So I found Eric's book at the beginning of the summer and have since spent the last 6 weeks trying to relearn running. (I was an over strider/ heel striker suffering from chronic plantar fascitis) The PF is under control (ditched the shoes and insoles). I'm up to 4 days of 30 minute runs (though I just re read the book and think I've been running them too fast this past month). On off days I do barefoot running drills and strength on the Swiss Ball and of course slant board stuff. 

Most days I feel great! Like I could run for a lot longer (which is the goal) I'm anxious to get to the next phase of training. But recently I've been having "twinges" (not really pain) that appears and leaves fairly quickly, within a day or two. Sometimes It's my heels which just takes some massage and stretching to alleviate. But I've also been having some discomfort in my knees and ankles. (I know I have to work on my take off and straightening my leg much more than I do now which may help.)

So my question is, are these twinges normal when re-learning to run? Is it part of getting to that muscle equilibrium? Or is this a sign of something wrong in technique? 

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Hey Heather, the answer is most likely both. During my transition, I felt pain/twinges in my lower calves and knees because I had horrible muscle equilibrium (strong quads, weak feet and glutes) and wrong technique ( no glute activation and not letting heel come down). For me, really focusing on activating the glute of the stance leg during the knee drive phase cured my chronic knee pain. Have faith in Eric's system and stay focused (aware) of your form. Hope this helps :)
-Ryan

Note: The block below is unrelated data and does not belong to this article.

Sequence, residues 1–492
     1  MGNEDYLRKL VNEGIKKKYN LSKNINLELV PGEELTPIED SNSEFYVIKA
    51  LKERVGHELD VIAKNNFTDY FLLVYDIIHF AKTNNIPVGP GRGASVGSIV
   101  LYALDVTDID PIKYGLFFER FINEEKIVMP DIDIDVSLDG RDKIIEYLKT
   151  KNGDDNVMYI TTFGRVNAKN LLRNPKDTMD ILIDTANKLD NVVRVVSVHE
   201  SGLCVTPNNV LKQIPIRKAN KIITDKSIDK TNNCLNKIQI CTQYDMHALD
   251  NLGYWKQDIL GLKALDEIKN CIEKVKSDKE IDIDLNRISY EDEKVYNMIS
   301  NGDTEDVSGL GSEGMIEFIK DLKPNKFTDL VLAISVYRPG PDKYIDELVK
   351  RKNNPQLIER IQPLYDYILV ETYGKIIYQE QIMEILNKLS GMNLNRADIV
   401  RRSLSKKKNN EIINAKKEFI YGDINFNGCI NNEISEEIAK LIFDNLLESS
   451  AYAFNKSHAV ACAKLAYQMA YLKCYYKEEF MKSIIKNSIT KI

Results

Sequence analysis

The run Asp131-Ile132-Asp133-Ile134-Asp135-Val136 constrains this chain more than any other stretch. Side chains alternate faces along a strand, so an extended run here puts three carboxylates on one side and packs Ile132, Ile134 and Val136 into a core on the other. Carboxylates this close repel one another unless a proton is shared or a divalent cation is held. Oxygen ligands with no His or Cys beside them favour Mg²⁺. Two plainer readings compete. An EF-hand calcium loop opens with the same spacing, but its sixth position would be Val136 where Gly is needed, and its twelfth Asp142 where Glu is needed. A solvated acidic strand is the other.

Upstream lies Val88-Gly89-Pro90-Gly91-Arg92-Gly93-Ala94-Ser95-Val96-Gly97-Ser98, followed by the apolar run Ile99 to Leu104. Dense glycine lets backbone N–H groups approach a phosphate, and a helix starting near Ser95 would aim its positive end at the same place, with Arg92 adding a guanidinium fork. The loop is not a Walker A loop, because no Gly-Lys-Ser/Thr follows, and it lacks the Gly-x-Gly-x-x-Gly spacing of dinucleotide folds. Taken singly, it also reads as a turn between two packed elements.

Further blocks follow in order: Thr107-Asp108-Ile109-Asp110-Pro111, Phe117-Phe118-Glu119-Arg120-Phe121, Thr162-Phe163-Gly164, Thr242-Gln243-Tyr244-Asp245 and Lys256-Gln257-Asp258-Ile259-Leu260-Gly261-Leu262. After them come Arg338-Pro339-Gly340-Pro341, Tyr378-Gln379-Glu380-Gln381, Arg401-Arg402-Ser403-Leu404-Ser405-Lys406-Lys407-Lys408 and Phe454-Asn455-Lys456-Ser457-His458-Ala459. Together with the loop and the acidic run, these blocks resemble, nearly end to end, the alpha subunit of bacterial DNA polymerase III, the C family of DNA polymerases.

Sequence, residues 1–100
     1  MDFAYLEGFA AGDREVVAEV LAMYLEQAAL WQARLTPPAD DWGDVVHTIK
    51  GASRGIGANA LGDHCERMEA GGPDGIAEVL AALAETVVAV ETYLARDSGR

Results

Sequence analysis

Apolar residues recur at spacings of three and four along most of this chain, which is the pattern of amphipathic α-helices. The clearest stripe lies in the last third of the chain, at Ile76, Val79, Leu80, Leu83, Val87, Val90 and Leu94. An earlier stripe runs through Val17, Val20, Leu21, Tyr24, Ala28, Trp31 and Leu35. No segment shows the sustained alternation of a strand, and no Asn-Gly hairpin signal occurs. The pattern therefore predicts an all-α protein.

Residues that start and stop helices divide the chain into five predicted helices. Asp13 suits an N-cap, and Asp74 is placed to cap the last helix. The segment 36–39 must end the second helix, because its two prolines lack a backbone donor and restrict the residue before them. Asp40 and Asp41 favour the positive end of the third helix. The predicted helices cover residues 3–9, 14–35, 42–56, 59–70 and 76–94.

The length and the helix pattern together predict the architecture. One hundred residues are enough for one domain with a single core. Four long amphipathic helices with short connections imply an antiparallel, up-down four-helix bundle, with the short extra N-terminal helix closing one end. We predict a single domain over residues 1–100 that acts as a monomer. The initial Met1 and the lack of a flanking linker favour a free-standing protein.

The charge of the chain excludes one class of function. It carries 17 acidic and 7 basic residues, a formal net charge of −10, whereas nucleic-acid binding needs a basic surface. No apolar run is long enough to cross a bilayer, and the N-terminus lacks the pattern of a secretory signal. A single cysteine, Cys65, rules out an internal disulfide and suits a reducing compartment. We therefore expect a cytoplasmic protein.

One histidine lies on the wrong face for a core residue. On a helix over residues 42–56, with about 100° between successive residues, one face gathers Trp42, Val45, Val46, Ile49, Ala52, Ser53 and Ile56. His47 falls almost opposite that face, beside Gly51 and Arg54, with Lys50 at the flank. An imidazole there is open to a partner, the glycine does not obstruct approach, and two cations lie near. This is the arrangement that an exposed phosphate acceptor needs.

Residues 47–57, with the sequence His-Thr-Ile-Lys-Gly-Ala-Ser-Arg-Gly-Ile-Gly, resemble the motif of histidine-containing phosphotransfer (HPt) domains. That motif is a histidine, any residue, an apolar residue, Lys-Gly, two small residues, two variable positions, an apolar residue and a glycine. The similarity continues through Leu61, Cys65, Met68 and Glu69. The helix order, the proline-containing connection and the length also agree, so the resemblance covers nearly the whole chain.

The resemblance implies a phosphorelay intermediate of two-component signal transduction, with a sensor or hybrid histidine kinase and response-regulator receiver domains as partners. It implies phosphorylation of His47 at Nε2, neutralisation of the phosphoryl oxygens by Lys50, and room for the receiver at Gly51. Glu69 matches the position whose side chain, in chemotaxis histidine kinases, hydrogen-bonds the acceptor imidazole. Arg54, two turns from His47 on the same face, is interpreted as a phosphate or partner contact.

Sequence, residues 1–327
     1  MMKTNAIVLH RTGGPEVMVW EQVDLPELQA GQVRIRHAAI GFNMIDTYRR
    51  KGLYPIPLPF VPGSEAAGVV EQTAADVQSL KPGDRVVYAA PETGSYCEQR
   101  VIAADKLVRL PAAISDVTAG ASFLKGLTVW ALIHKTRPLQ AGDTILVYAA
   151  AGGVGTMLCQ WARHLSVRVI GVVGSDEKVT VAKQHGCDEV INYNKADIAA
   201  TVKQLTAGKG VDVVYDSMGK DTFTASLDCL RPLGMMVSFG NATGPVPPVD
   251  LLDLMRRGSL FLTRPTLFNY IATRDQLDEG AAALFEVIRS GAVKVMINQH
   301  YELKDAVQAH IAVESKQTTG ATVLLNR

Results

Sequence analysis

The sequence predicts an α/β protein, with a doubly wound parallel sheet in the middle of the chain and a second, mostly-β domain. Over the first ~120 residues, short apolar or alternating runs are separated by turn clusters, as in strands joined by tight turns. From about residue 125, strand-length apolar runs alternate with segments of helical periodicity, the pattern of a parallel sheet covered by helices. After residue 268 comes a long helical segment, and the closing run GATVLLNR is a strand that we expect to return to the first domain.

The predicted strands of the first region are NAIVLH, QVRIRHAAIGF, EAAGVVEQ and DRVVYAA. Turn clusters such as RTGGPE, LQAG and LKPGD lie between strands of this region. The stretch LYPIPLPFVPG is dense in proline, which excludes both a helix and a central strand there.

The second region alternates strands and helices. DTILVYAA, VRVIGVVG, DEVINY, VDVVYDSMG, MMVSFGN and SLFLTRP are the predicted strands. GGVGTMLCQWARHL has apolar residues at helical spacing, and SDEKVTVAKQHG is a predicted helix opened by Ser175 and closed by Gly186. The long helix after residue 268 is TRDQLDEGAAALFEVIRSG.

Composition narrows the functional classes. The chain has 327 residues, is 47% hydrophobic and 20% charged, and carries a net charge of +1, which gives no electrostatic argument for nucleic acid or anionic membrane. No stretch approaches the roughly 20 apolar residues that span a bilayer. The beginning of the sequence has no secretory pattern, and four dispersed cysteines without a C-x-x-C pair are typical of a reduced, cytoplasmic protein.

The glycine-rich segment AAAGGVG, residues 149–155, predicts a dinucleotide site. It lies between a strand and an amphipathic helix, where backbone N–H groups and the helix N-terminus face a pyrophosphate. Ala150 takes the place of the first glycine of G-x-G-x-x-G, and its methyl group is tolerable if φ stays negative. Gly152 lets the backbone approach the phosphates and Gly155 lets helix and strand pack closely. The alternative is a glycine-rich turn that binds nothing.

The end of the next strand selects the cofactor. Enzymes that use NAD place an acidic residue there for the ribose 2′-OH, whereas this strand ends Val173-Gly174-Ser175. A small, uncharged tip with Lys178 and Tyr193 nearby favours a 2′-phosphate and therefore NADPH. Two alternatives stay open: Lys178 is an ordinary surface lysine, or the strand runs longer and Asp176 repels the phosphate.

Yes! Thank you. That does help. I suspected that was what it was but I wanted to hear from someone who has gone through it.

Also, re read book and realized my cadence is too slow. Set the metronome today and was shocked to find I had a hard time running two minutes at 175-180 bpm before I had to stop and catch my breath. Even running very slow. My natural cadence is about 160. It'll come right?

Yes, it will come. I think Eric says in his book, "you have to undo a lifetime of bad habits." As for cadence, focus on quick knee drive (while still pushing back with glute) and stepping over that log.

-Ryan

Yes these twinge are normal, and that awareness is excellent to help focus on form, cadence, strength. You are well on your way! Unfortunately good form/strength take persistence and patience. Even 4 years into training with Eric I still have aches and pains that arise and point to areas that need work. It's always a work in progress, but continuing to adjust and adapt is key, and truely what turns running into an art form.
Heather the cadence will become natural after a few weeks. I was "rebuilt" with the help of a guy in London 3 months ago and when I started doing runs again I took a little clip on metronome on every run to keep me focused. Did my first 10k race on Sunday after coming back and my cadence was spot on 180 without even thinking about it through the race. You'll adapt quickly. I think for me the thing to get used to at 180 was feeling like I was taking a shorter stride - it seemed counterintuitive in some way but I actually ended up running faster.

thanks. I did start running with a metronome and it's hard!! LOL.  I haven't timed myself for over a month until yesterday and I found that even though I felt I was going slower with a high cadence and short stride that my pace is much faster than I was running before I worked on relearning to run. Amazing how I can run faster and it's easier!!! I know that shouldn't come as a surprise but I guess after running for so many years the wrong way my brain needs retrained too! 

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